Virtual Console: Peak speed

Another Nintendo 64 release for Wii U Virtual Console this week: F-Zero X. This is getting to be a trend!

I admit it feels kind of weird to be writing about Wii U when we're just a few hours from Nintendo's Switch debut stream. But hey, lame ducks need love, too.

Nintendo seems to recognize it, too — more than a third of the Nintendo 64 games available on Wii U Virtual Console have been published within the past two months. Gotta get ’em out while there's still a chance, I suppose; we don't know much about Switch quite yet, but it definitely looks as though we shouldn't expect any kind of continuity of software from Wii U to Switch. What that means for Virtual Console is anyone's guess... but I'll be pretty annoyed if they expect me to pony up full price for these games again.

Anyway, if this must be Wii U's final burst of life we're experiencing, at least it's going out well. While I could take or leave some of the recent N64 titles to have shown up of late (Mario Party 2, I'm looking at you), I can't really take issue with F-Zero X. It's arguably the pinnacle of the series. And even if you don't agree with that claim, at least we can recognize that it feels like the first proper realization of the F-Zero concept.

The original Super NES game was fun, for sure, and it made an impressive demonstration of the console's shiny new tech. But it only offered a single-player experience against a handful of clone racers, and there was only so much those flat Mode 7 backgrounds could do to replicate a sprawling futuristic race track. The game's designers pulled off some impressive fakery, but ultimately elements like the parts where you had to "jump" over "gaps" in the track fell short of the designers' goals... much the same way that I always seem to fall short of the goal whenever I get to those track gaps.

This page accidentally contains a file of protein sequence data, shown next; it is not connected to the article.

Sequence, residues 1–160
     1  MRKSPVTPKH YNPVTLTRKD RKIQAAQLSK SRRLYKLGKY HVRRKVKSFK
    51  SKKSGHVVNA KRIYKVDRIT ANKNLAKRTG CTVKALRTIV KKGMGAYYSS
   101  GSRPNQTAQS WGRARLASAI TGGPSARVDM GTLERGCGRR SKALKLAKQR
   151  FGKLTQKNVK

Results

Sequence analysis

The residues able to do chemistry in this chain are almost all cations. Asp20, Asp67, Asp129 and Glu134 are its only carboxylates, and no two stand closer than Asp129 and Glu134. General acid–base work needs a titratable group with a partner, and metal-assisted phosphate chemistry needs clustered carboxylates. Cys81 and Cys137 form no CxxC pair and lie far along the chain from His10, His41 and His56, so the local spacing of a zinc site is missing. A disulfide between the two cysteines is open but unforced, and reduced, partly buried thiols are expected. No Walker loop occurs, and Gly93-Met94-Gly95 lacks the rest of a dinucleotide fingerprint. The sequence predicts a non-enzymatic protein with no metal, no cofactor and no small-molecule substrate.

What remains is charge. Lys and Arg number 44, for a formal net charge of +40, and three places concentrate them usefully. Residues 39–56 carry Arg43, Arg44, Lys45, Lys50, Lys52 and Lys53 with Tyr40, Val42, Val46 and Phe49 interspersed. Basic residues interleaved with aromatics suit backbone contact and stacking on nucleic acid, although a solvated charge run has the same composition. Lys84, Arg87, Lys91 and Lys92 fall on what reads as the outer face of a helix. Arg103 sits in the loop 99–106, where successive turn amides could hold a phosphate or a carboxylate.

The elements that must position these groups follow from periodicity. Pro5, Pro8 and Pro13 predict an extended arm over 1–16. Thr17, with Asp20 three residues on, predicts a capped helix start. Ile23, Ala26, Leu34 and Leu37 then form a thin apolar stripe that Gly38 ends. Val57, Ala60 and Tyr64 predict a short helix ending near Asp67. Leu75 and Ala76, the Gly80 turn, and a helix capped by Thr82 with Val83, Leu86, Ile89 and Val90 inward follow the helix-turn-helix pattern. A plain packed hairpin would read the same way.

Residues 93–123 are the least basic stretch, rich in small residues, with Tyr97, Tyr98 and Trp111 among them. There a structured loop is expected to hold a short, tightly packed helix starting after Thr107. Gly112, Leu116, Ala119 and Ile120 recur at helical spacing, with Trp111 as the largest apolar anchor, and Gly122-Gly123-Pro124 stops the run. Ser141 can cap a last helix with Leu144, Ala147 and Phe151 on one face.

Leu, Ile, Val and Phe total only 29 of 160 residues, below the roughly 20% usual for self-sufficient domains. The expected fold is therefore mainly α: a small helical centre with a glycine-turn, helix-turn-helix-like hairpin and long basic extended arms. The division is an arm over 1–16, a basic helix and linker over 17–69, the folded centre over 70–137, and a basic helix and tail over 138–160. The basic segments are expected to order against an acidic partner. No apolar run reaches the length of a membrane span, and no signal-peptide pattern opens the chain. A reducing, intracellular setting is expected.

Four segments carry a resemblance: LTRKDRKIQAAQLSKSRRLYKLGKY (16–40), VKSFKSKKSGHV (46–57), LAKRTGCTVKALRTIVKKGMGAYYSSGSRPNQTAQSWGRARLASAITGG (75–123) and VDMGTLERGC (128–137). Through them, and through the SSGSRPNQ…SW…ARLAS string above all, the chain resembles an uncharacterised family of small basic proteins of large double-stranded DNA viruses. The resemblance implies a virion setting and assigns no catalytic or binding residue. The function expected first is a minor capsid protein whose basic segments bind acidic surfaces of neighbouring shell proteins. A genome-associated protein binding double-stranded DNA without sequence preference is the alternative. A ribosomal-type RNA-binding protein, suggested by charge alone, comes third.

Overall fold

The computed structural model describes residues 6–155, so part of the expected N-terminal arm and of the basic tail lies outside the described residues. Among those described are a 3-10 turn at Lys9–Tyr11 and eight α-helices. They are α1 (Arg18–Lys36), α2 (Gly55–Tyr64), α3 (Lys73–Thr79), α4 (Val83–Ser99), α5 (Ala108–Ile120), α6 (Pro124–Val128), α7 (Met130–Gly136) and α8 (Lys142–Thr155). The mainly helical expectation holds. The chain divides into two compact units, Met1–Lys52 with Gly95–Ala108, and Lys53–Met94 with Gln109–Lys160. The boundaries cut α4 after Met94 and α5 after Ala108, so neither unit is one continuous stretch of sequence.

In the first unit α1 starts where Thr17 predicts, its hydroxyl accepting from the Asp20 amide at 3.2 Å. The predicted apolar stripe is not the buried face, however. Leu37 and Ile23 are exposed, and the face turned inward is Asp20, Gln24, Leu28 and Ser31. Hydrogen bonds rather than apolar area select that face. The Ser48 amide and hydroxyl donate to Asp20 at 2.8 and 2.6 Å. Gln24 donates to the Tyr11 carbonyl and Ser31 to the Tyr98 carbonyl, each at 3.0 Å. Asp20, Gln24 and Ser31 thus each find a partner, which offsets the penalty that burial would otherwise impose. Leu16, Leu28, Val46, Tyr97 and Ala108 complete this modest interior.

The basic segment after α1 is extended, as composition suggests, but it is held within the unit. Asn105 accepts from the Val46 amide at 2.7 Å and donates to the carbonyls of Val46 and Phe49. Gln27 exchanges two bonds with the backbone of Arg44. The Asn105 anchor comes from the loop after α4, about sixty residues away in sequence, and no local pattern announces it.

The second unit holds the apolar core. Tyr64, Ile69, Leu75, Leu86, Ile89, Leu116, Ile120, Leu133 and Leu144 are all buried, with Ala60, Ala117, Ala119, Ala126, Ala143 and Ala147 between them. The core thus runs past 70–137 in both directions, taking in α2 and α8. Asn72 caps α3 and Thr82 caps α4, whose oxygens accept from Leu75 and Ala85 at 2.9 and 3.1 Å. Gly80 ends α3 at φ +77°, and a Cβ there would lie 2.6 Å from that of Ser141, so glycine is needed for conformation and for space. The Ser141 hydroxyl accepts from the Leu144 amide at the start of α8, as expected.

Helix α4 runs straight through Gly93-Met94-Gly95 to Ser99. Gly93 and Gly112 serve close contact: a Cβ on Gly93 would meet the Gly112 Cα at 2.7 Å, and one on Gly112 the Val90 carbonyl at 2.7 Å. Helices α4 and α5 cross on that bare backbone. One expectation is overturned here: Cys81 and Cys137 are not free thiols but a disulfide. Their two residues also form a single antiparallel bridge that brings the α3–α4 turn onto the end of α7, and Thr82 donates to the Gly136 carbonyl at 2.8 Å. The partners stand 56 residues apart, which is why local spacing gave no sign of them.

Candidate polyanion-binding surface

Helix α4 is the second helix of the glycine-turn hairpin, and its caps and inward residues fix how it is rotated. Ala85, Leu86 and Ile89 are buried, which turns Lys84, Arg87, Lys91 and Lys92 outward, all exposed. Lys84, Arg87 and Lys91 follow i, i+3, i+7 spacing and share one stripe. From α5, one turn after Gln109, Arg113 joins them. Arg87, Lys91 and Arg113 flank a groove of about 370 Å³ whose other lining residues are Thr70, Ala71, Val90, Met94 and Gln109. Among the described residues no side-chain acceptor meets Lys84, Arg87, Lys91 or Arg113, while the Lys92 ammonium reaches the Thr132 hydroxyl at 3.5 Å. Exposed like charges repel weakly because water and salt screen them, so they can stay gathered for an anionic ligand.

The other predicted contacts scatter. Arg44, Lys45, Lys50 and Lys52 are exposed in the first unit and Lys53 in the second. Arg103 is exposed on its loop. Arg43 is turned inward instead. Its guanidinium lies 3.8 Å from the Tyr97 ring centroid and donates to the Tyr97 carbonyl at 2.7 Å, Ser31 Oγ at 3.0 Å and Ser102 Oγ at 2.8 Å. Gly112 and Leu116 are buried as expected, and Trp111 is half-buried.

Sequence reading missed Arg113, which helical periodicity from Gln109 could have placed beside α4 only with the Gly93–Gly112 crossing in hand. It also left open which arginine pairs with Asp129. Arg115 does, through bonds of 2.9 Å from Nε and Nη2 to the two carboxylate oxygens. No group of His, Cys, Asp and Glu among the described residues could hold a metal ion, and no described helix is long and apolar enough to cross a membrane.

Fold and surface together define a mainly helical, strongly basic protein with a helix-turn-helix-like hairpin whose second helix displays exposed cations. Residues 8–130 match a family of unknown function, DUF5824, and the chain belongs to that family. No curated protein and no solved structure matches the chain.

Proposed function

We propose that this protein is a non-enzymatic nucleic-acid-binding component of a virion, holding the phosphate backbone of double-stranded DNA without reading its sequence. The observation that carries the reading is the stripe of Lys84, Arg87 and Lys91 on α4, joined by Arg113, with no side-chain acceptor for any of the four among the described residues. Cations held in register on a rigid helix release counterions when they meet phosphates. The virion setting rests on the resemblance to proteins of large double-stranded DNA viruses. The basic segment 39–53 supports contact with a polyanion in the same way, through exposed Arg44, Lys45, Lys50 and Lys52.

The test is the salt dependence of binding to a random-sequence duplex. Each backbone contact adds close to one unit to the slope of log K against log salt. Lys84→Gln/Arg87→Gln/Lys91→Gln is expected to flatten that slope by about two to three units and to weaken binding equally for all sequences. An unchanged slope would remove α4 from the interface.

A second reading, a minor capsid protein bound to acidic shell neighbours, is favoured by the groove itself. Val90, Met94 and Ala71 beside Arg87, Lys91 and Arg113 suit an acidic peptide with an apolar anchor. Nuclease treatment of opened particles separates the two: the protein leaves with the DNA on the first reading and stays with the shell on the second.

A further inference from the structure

By going full-polygonal, F-Zero X could present players with even more challenging tracks in a far more convincing fashion. Racing has always been one of the few genres to truly, objectively, universally benefit from advancements in hardware technology, and F-Zero X offers a perfect demonstration of that principle in action. F-Zero was fast, but it felt shallow and somewhat unconvincing; F-Zero X was even faster, while at the same time being far more immersive than its predecessor.

I won't lie; I've never made it very far in F-Zero X. The racing action moves at an insanely fast clip, and unusually a for a first-party Nintendo production, it offers no apologies for its bracing difficulty level. I sometimes wonder if that's why F-Zero has vanished from the map these past 10 years or so. "Unrepentantly challenging" is something Nintendo doesn't really do any more, preferring instead a more accessible and forgiving approach to game design; yet challenge defines F-Zero at the genetic level. Perhaps the contradiction there accounts for why we haven't seen an F-Zero since the advent of the kinder, gentler Wii and DS age of Nintendo... and, who knows? Maybe today's Virtual Console release presages something to be announced tonight.

(I kinda doubt it, though.)

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